Ken Gibb and Alex Marsh reflect on Scottish rent control proposals

Ken Gibb and Alex Marsh reflect on Scottish rent control proposals

Ken Gibb

Professor Ken Gibb, director and principal investigator, and Professor Alex Marsh, co-investigator of CaCHE, reflect on the new Scottish rent control proposals.

In September 2023, the Scottish Government launched a consultation engagement process concerned with the rented sector proposals within the imminent Housing Bill. The current proposals set out the intended plan for the much-vaunted effective national system of rent control, first mooted in the SNP-Green Party government agreement in 2021. This is the clearest indication yet put in the public domain about what the Government is proposing.

We should declare an interest. In the last two years, we have completed an international evidence review on rent control (Gibb et al., 2022), written a paper on international practice and policy design for the Scottish Government (Gibb and Marsh, 2022), led a report on rent control for the Holyrood Cross Party Group on housing (Gibb et al., 2022), and developed an academic paper from this work (Marsh et al., 2022).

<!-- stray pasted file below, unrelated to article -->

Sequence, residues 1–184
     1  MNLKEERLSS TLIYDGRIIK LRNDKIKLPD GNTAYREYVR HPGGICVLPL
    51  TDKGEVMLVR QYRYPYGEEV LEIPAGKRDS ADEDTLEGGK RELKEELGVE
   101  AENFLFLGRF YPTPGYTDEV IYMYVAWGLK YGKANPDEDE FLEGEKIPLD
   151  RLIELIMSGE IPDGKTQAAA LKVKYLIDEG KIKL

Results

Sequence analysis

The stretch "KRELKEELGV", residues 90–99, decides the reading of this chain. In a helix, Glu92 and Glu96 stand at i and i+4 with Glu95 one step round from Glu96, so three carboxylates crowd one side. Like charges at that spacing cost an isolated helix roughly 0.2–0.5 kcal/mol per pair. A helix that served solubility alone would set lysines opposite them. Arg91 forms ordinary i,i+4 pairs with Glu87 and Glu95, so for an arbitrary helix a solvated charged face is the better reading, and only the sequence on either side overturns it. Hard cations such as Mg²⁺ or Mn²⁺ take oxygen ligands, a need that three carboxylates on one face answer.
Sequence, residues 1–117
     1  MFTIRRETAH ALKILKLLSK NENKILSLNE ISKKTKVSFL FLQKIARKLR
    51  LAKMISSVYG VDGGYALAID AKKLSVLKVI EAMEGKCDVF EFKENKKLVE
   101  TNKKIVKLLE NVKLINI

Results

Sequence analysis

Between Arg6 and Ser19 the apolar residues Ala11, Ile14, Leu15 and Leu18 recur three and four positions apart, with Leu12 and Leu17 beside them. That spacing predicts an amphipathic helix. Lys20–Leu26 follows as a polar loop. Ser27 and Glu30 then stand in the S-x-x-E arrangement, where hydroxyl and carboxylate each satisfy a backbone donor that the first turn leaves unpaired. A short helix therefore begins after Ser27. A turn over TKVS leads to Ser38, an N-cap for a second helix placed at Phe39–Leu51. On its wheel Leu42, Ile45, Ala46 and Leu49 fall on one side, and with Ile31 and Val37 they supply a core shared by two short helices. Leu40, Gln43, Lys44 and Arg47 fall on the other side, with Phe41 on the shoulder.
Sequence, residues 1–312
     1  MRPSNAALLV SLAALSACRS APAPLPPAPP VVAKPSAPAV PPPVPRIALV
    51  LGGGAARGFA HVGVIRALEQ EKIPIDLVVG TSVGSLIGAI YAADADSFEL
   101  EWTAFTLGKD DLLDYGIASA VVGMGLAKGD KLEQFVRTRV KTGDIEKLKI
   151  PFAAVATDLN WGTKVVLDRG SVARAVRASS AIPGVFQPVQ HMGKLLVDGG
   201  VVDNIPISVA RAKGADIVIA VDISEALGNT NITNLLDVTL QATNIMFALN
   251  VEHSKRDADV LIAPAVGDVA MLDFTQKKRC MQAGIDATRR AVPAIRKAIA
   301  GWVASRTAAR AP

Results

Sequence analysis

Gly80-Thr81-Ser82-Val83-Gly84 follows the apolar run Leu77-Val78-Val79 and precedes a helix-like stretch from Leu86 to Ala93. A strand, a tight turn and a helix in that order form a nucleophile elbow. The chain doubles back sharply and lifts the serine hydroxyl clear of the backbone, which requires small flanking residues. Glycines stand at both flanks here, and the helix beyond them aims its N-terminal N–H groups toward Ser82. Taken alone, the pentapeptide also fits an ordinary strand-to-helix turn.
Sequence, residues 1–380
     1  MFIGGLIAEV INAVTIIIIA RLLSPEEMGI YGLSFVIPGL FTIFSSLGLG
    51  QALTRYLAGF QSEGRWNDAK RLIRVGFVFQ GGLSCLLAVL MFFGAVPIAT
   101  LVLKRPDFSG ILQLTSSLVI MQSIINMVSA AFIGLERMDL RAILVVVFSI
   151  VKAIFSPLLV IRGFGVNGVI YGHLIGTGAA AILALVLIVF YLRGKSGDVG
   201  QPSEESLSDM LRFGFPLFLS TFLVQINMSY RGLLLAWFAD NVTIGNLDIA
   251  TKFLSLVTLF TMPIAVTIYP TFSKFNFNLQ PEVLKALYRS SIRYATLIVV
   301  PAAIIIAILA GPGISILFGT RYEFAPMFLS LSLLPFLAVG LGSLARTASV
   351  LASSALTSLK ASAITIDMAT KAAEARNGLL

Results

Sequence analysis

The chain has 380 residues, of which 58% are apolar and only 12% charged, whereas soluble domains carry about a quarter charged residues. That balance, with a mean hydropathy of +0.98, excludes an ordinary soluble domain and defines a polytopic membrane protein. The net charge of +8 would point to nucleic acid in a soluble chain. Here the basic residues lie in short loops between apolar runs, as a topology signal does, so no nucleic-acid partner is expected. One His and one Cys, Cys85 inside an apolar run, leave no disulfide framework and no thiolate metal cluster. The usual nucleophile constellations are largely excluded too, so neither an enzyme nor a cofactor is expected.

The proposals should be viewed in the context of the 2017 private residential tenancy model and the local Rent Pressure Zone (RPZ) model designed to limit rent increases, introduced as part of the same 2016 legislation. Also important is the autumn 2022 announcement to freeze (and later cap) existing private rents across Scotland – a programme still in place. The proposals also need to be understood in relation to the current cost of living crisis and the affordability problems associated with the ongoing freeze of the local housing allowance.

Nonetheless, the national rent control proposal is a longstanding piece of unfinished business, actively in development since 2021. Rent control (without further specifics) has had considerable support in different political circles, tenant activists, student groups, and beyond. The challenge has always been to develop a credible policy that can both be acceptable to the market and its stakeholders and materially superior to the existing ineffectual local RPZ model.

The Proposals

The consultation document outlines the rent control proposals (paragraphs 7 to 23). The key features are: